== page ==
The Best Way To Manage Your Team Of Tradespeople
How to manage your team of tradies?
It’s Jon here from Small Fish Business Coaching and I’m helping trades businesses grow and scale, and put the systems and structure in place so you grow and scale properly. Part of that is managing your people and looking after them.
And if you’ve been paying attention you’ve probably noticed that I’m in the middle of a series about looking after your team.
Today, I want to talk about managing.
Just a quick recap, if you have a team – if you’re a trades business, you do work by people going out into the world to do work and to do good work.
And you grow that – you make more money and do more good work, by having more people out there doing that good work.
So, you need your team. You’re very reliant on your tradespeople and on your people in the office. You need them to:
- Do a good job
- Work hard
- Complete things on time and on budget
- Help you build this business that you want to build
I’ve spoken about hiring well (that was the first video) and it’s important to do that.
It’s important to do that with discipline and process. I spoke last week about leading them well with discipline and process.
Today, I want to talk about managing them.
Managing your team is the small picture
If leading is big picture stuff, showing them your strategy, showing them the vision and their part in the plan, then managing is the small picture stuff — their job, their performance, communicating with them on an operational level and on a daily and a weekly basis.
It’s about feedback and closing that loop.
As usual, it’s about being disciplined and systematic. It starts with their job descriptions. Everybody should have one. Everybody needs one.
And if you did your hiring right and you followed the process I showed you last time, they already have job descriptions.
Recommended Reading: Your 5 Step Hiring Process To Attract The Best Tradies To Your Team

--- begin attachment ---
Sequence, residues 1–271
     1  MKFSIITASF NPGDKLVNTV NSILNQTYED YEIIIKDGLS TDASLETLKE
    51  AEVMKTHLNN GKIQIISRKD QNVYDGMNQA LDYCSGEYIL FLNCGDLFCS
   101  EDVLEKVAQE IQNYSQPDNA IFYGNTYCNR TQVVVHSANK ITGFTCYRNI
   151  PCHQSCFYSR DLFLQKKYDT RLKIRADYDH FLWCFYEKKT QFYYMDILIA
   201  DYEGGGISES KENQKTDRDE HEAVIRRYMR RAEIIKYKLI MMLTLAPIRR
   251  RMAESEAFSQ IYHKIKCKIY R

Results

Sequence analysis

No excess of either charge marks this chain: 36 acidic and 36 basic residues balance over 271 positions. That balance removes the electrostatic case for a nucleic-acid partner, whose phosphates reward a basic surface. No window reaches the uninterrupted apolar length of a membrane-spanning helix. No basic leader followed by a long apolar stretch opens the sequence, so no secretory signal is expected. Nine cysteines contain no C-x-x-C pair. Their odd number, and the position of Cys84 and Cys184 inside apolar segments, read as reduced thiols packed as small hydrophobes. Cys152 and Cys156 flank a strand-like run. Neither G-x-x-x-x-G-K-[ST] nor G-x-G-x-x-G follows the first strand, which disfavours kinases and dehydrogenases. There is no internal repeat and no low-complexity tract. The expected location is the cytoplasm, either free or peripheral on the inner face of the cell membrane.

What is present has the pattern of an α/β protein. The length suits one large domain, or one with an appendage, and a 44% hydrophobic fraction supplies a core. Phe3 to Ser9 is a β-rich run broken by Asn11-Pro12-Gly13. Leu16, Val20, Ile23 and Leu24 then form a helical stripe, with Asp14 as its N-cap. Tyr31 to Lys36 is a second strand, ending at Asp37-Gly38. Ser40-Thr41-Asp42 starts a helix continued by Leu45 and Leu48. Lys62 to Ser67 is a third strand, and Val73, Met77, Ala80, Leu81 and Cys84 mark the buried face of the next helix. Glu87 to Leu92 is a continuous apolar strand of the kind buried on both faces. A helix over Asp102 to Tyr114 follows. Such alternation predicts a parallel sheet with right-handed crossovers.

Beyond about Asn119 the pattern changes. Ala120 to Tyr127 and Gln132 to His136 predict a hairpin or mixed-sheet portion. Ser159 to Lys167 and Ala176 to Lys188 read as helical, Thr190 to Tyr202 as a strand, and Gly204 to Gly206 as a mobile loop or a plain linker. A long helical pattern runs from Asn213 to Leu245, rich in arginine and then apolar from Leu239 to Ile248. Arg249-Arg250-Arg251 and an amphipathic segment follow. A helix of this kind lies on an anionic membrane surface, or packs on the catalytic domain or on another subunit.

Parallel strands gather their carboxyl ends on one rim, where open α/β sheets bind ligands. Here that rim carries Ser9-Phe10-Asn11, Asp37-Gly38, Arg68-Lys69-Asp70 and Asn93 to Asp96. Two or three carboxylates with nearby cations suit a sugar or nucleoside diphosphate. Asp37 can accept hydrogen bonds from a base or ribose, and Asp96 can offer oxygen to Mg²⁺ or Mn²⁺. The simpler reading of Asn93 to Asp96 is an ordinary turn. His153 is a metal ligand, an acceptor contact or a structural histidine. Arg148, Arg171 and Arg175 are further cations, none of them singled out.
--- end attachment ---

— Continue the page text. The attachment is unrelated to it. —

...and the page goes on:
This is the clarity and what’s expected from them — what they’re responsible for and what’s expected from it. You need to hold them accountable for what you expect from them on a daily basis and in their formal reviews that you do every six months.
You should be doing reviews every six months too — formal ones where you sit down, have an agenda, take notes, and look at them again in the next review and look at whether they’ve improved.
You should have a management hierarchy because there’s only so many people you can manage.
Maybe now there’s only three, four, five or six that you can manage by yourself. By the time you’re up to 10, it’s too many and you won’t have any more time to do your own job so you’re going to have managers and have to put that management hierarchy in place.
You should meet your direct reports (team leaders) every day for a10-minute huddle. And your managers should be doing the same with their teams.
It’s a quick:
- “How did yesterday go?”
- “What’s on today?”
- “And what help do you need?”
It should be short, 10-minutes maximum.
You should meet the whole team separately for an operational meeting once a week where you discuss again:
- “What happened in the last week?”
- “Can you plan what’s going to happen?”
- “What needs to happen in the week to come?”
You should meet your whole company at least once a month.
And that’s about sharing the strategy again — the progress that’s been made so far, the numbers. And it’s about recognizing and rewarding contributions people have made. That’s really important.
It’s really important for your team’s cohesiveness. And if you remember back to the leading video, it’s important to keep them involved, be waving the flag about the progress we’ve made against that strategy.
It’s important to make these investments in communicating with your people even though I can almost hear you thinking, “I need them on the tools making me money. I can’t afford to have so many meetings where people are not doing that.” But it’s how you manage and how you communicate. And if you don’t do this stuff, you’ll be disappointed in the performance you get.
This stuff holds everyone together. It makes a team rather than a loose collection of people with the same brand on their polo shirts. It’s important.
Please don’t neglect it. Please don’t leave it to chance. It’s an important part of your growth.
Now, as always, my coaching clients get help with planning agendas, scheduling meetings and making these changes stick.
So if you want help, if you want to help through my coaching program,
There are four ways you can engage with me:
1. Subscribe to these emails and get them once a week in your inbox so you never miss a video from me.
2. Join the Trades Business Toolshed Facebook Group where you can watch these videos, ask me questions or talk to your peers.
3. Attend my next Tools Down workshop.
4. Book yourself a 10-minute chat with me. We’ll talk about whether coaching is right for you now and if it is, we’ll go further into the process before you have to make your mind up.
See you later.